Consider this video of adult film star Eufrat Mai, visiting the Spanish factory which makes industrialized versions of her own genitalia as a masturbatory aid for men (aka “the Fleshlight”). Feminist and Marxist tools are pretty obviously appropriate for reading this scene, but what happens to those when we add a new set of tools, a framework that takes the planet itself, and specifically the fragile planet in danger, as a precondition? A libidinal-ecological frame might thematize the materials of the thing itself (mineral oils mixed with polymers and colorants) and questions of recyclability, for instance, as well as problems of attrition and sustainability in other areas, like social bonds (the inevitable turn to cell phone photos and presumably their attendant social networking), the nuclear family (Mai’s hopes to give her future children what her parents gave her) and of course, most importantly, “natural” sex itself (from Aretha crooning in the background to Mai’s linking of the Fleshlight to the naturalness of sex).

Returning to the question of selling women, we might also ask what happens when women are the ones buying the sex that is being sold. Radical feminism thinks about capitalism in terms of women as laborers. French feminism thinks about women as objects of capitalist consumption. What’s missing is a close look at desire in terms of women as consumers. A second question: Does the hypersexualization/de-eroticization of women as consumers take a different form than that of men, and if so, (how) does that matter to ecological thinking? Remember the Herbal Essences shampoo ad where women were having orgasms in the shower? And who can forget the Victoria’s Secret ad campaign, which surely functions differently socially in the age of the Internet than it did when there was a catalog that the man in the house could guiltily enjoy for all the “wrong” reasons. Who looks at those ads now; at whom do the gorgeous, scantily clad, long haired, bedroom-eyed “Angels” peer at from the glossy photos? At Sephora, an unprecedented number of makeup items now have risqué names. As we speak, Urban Decay has a mascara called “Perversion,” and a lipstick color called “Lost Cherry,” Marc Jacobs has a blush called “Promiscuous,” Too Faced has three mascaras: Better Than Sex, Lashgasm, and Size Queen, and famously, Nars continues to sell its massively bestselling color “Orgasm” in every formulation, from blush to lipcolor in various formulations (and now also “G-Spot”). Accompanying each of these products is an image of a beautiful woman’s face, glossy lips ajar, heavily lashed eyes closed in ecstasy or open, promising delight (but again, to whom?). Libidinal ecology reads cultural symptoms like these — from the more fringe, like the Fleshlight factory video, to large-scale, like Nars’ “Orgasm” makeup — in terms of broader narratives of scarcity.

Even literal narratives of the loss of libido, as thematized in medical discourse, are gendered. Women’s “enhancement” drugs are advertised as “libido enhancers.” The loss of desire is a female problem; men lose erections or ability to “perform,” while women lose desire (in contrast, men’s drugs as a group are called “male enhancers.”) We can speculate about why this difference exists, but what is more interesting is the unique anxiety that the idea of women’s loss of desire inspires. It’s especially strange given that, in contrast to men, women’s entire contribution to the reproductive act can take place without orgasm, and even without desire. Libido enhancers are marketed at women past childbearing age, anyway, and these are not drugs typically associated with fertility treatments. Clearly, it’s not the future of the human race that’s at stake, so why would a shortage of libido in women provoke such anxiety? Is it possible that the anxiety around feminine desire betrays an even greater level of scarcity in this area, or a more nuanced imaginary of scarcity? Even as we can imagine a world in which babies are made entirely in the absence of women’s desire, perhaps without too much terror, the mood changes when we project the same thought experiment onto the nonhuman world. Following Lyotard’s version of libido, as “not something the subject possesses, but a force that provisionally assembles the subject-effect through its dynamic vacillations,” (Pettman’s gloss on Lyotard’s notoriously difficult book Libidinal Economy), we imagine a non-human world assembled by the dynamic vacillations of energy, light, life, indeed everything that goes under the mysterious name of “force.” There, the idea of a femininity no longer animated by this force, one that no longer desires and is exhaustively manipulable by market forces, is much more terrifying.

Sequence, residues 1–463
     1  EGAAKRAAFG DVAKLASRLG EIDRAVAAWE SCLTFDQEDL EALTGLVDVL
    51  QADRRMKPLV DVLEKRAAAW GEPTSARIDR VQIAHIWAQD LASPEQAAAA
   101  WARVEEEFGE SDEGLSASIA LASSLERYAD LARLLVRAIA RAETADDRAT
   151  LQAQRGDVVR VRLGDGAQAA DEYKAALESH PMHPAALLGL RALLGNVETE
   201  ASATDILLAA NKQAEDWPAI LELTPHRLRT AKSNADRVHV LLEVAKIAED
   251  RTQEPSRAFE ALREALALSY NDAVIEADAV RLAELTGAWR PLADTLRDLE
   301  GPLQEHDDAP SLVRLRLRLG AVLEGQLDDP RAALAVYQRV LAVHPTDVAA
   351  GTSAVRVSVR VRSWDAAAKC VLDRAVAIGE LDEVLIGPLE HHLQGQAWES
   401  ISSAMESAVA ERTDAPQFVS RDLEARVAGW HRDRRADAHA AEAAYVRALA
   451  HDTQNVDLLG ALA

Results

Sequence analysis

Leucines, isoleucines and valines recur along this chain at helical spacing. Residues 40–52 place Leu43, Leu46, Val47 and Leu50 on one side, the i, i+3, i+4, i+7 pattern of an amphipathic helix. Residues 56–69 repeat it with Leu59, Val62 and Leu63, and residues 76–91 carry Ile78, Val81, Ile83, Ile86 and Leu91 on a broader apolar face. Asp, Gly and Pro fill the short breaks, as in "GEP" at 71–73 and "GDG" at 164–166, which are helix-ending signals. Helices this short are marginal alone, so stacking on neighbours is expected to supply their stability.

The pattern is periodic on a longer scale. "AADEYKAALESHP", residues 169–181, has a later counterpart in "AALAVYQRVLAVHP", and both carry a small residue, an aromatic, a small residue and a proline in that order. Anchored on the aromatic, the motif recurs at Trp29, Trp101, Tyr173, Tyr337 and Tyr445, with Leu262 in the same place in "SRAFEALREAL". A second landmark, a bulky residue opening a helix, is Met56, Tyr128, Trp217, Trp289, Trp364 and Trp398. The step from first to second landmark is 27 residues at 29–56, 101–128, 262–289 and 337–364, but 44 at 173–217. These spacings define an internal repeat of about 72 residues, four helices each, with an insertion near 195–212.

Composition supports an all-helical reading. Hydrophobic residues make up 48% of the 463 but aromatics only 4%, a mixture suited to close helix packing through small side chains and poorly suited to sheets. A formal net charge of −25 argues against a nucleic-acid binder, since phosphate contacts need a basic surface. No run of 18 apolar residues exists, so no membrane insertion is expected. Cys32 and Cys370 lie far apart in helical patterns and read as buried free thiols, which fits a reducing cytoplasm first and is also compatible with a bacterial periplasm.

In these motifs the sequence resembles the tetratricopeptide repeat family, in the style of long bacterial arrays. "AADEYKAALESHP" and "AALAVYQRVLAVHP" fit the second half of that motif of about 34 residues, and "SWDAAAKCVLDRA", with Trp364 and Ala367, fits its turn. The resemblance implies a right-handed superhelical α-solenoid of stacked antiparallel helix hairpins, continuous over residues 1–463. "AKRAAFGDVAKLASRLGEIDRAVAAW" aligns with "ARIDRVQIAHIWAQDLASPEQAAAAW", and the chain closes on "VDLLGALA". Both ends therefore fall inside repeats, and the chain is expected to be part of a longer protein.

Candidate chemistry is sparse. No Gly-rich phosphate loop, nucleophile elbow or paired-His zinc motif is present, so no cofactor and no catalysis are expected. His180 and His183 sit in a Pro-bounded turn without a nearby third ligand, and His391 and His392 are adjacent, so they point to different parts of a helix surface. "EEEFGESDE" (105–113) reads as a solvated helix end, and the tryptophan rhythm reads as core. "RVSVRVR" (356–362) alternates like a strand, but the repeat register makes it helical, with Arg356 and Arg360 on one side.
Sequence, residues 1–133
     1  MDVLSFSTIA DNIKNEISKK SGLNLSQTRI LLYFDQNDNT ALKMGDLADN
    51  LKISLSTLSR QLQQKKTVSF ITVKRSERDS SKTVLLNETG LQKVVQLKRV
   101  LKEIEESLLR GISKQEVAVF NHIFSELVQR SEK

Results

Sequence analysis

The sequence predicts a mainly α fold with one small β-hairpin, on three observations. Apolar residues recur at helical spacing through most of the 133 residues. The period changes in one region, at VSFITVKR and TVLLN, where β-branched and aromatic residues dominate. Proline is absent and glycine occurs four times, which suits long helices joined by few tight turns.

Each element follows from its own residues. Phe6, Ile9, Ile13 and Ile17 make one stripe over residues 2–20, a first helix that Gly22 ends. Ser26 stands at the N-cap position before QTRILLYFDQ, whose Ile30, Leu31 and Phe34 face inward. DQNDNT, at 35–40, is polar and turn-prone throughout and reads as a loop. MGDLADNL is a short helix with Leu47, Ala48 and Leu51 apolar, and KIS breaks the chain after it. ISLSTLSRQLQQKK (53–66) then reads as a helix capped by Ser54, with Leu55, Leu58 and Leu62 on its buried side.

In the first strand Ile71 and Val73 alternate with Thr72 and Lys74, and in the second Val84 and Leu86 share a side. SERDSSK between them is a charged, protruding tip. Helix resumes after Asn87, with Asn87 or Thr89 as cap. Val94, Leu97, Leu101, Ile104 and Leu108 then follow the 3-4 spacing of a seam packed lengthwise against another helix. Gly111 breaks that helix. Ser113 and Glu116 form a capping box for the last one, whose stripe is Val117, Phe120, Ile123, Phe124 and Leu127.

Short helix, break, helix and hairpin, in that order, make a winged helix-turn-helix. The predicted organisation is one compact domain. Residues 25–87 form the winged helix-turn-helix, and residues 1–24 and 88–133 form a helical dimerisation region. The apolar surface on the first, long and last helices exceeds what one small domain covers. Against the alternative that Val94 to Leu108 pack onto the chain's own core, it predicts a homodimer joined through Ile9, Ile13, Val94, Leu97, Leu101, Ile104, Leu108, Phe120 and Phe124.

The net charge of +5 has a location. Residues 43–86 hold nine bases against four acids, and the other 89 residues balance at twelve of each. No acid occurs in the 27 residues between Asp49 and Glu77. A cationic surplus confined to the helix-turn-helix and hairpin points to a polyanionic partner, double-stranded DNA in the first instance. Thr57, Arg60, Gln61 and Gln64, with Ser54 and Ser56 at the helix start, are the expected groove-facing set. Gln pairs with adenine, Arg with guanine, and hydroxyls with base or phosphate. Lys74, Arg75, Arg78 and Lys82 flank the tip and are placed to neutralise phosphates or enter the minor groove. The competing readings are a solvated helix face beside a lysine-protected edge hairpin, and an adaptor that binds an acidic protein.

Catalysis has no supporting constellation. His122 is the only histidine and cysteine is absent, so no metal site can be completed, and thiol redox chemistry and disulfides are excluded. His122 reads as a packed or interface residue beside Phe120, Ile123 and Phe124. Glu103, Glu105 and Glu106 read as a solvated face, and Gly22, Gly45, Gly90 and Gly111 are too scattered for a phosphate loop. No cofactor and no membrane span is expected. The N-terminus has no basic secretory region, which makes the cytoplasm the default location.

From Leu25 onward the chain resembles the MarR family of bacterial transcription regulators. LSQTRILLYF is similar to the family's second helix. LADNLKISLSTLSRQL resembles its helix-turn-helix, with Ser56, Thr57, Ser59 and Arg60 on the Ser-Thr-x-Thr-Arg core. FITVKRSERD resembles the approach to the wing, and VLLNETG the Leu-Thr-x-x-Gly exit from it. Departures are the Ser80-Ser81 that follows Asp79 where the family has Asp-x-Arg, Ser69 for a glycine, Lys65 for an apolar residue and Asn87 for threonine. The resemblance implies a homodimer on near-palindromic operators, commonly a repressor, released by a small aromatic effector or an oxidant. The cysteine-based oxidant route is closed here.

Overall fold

Libidinal ecology identifies Bataille’s The Accursed Share as a founding text, but it must also map roads by which to depart from Bataille’s notion of general economy. Plumwood’s insight in Feminism and the Mastery of Nature, that there is a politics to human domination of non-human nature, is directly at odds with claims like “anguish is meaningless for life as a whole” and the binary opposition Bataille creates between justice (a guarantee against risk) and freedom (a willingness to assume risk), with an obvious preference for the latter. While he identifies the problems of the world in its present state as resulting from “the unevenness of the (quantitative or qualitative) pressure exerted by human life,” his paradigm of limitless energy limits him to thinking only quantitatively, even distributively. Bataille fails to address qualitative differences in environmental pressure, leaving questions of justice and anguish to the category of “public affairs,” to be managed only from restricted economic points of view. This reduces all environmental justice problems to environmental problems. But a posthuman take on justice argues for the opposite: all environmental problems become problems of environmental justice (as the queen honeybee suddenly appears as female in a system of techno-capitalist patriarchal domination). The challenge, then, is for general economy/libidinal ecology (if they are the same thing) to begin to think justice, quality, and difference in ways Bataille could not. We need a framework from which to witness anguish, gender, and justice in conditions of attrition in realms that are always more-than-human. Is the unrecyclable mountain of copies of 50 Shades of Grey, the ecological disaster produced by the collective libido of bored housewives, the same sort of thing as the possible disaster caused by the carbon footprint left behind by European men on Asian sex tours (and Asian men on European sex tours)? What are the relevant differences, and relevant from the perspective of which living beings, both human and not? Can libidinal ecology make a convincing case that a theory of libido is important, perhaps even essential, to political analysis of domination in the relationship of humans to everything else, including each other?